(PaentlyAple) – Apple has filed for new trademarks. The first is for “SensorKit” which Apple describes as a Framework to “Retrieve data and derived metrics from an iPhone’s sensors, or from a paired Apple Watch.” At present, it’s in beta. Apple notes: “This documentation contains preliminary information about an API or technology in development. This information is subject to change, and software implemented according to this documentation should be tested with final operating system software.”
During the Apple Watch and iPad event, Tim Cook spoke about New York’s Mount Sinai launching their new Warrior Watch Study beginning at the 6:40 mark of the keynote. He noted that by “Using data from Apple Watch Researchers are studying the impact of COVID-19 on the psychological well-being of front-line health care workers by identifying early signs of stress …”
This is likely where SensorKit comes in by directly providing researchers with the exact data needed to support a study from the various sensors within an Apple device.
The second trademark filing was made on Monday in the UK for Apple’s new iPad Air processor the “A14 Bionic.”
In the U.S., Apple filed their trademark for SensorKit under International Class 009 covering the following: “downloadable computer software used in developing other software applications.”
In Hong Kong’s trademark filing 305403186, Apple Legal went a little overboard when covering SensorKit under the very same U.S. International Class filing. Below is just a peek at what they listed:
That’s about one-third of what was actually listed. My favorite hit the list too: Dog whistles. I guess that falls under “smartdogs” but who knows.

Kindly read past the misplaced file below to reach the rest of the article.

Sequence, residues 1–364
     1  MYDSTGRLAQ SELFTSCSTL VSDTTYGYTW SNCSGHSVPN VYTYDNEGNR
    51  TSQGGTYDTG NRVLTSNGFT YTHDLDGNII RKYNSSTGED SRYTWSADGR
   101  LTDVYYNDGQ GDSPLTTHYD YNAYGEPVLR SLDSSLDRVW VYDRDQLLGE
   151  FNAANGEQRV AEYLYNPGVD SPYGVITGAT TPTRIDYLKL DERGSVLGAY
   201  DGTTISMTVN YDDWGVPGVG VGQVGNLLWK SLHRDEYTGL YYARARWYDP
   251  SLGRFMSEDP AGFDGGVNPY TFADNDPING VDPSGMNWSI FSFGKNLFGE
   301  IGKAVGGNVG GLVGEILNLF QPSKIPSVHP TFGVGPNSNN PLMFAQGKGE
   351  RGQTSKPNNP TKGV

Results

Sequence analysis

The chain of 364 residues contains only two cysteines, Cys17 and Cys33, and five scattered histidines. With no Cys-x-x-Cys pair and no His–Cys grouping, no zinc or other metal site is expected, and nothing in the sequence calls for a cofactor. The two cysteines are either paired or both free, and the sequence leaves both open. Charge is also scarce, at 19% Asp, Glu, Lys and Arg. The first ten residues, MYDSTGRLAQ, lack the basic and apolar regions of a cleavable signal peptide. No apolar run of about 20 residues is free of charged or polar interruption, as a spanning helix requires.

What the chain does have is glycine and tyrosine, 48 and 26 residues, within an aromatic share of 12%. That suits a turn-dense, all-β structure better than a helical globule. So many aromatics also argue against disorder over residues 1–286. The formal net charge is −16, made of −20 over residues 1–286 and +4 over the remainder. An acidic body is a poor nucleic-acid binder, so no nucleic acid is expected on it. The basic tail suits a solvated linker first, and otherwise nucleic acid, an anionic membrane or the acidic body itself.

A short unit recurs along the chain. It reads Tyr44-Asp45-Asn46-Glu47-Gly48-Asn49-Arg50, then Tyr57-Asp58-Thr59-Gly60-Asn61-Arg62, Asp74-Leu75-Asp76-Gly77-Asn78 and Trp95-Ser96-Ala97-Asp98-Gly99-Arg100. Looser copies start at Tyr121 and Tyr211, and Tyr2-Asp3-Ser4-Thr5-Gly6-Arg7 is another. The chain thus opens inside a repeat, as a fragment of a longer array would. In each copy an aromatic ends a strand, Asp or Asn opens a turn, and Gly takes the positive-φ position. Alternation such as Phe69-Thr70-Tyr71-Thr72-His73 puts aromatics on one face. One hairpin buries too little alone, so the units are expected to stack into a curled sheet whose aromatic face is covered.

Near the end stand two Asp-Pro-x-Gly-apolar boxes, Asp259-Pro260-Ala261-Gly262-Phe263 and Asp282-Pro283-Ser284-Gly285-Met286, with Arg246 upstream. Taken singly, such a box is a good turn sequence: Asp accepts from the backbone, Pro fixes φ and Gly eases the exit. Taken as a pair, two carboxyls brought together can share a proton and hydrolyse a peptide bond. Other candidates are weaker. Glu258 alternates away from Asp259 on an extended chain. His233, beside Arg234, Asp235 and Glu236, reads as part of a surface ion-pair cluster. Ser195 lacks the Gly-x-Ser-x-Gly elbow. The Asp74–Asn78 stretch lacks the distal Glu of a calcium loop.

While I’ve seen a SensorKit logo online, I haven’t found it associated with SensorKit officially. Apple’s first trademark covered in this report only covers text, as presented below, and not a figurative logo. When and if Apple files for such a trademark, we’ll be sure to post a new report covering such.
Apple filed their trademark in the UK on Monday specifically under International Class 009 covering the following: “Computers; computer hardware; wearable computer hardware; handheld computers; tablet computers; mobile telephones; smart phones; smart watches; computer chips.”
Apple’s trademark filing only covers simple text and isn’t for the figurative version that is likely to cover what we’ve presented above.
It should be noted that International trademark classes that Apple files their trademarks under are important because the trademark registration will only protect those classes that have been identified in their original application. In a legal battle, the classes filed for originally could make or break a legal case.